Doni Monardo, the chief of Indonesia’s COVID-19 task force, is strongly rebuking those who are considering going back to their hometowns for the upcoming Eid holidays amid the raging pandemic, warning that they could be indirectly killing their own parents.
The annual homecoming exodus tradition known as mudik usually saw tens of millions of Indonesians visiting their hometowns annually before the public health crisis. This year, in a bid to reduce potential coronavirus transmissions, the government is set to ban the tradition starting from May 6 to 17.
A survey conducted by the Transportation Ministry in March found that about 11 percent of the population, which translates to nearly 28 million people, still intends to go on mudik despite the ban.
Doni emphasized this week that there’s no guarantee that mudik travelers can avoid contracting COVID-19, even if they tested negative for the disease, especially when the risk of transmission is even higher during the trip.
He went on to explain that if a traveler was infected by the coronavirus on their way to their hometown, they would be a carrier with a high potential of infecting their family members back home.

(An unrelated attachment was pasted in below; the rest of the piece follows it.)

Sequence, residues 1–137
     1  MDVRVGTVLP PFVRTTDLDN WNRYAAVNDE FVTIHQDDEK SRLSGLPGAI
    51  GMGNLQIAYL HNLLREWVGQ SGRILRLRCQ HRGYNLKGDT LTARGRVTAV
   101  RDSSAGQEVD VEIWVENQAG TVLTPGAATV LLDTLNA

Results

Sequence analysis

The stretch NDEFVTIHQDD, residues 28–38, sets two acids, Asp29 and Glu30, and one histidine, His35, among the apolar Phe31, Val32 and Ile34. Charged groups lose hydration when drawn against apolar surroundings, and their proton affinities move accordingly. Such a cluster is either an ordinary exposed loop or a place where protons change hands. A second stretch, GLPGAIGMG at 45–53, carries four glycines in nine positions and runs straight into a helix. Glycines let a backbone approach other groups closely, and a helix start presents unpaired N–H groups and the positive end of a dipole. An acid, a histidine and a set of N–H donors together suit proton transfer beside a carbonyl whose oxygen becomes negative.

“In kampung [hometown or village], there might be no hospitals, doctors, or even good health facilities,” Doni said during a COVID-19 handling coordination meeting in Banda Aceh yesterday, as quoted in a statement.
“What does that mean? The traveler concerned would be indirectly killing their parents.”
Following last year’s Eid holiday, Indonesia saw a 93 percent spike in COVID-19 cases, Doni said, while the weekly fatality rate increased to 66 percent. The country has seen a pattern of high case spikes following long weekends or national holidays in the past year.
Despite mudik being banned for 12 days next month, the Transportation Ministry recently said that there will not be any sanctions for those going on mudik outside of the aforementioned period.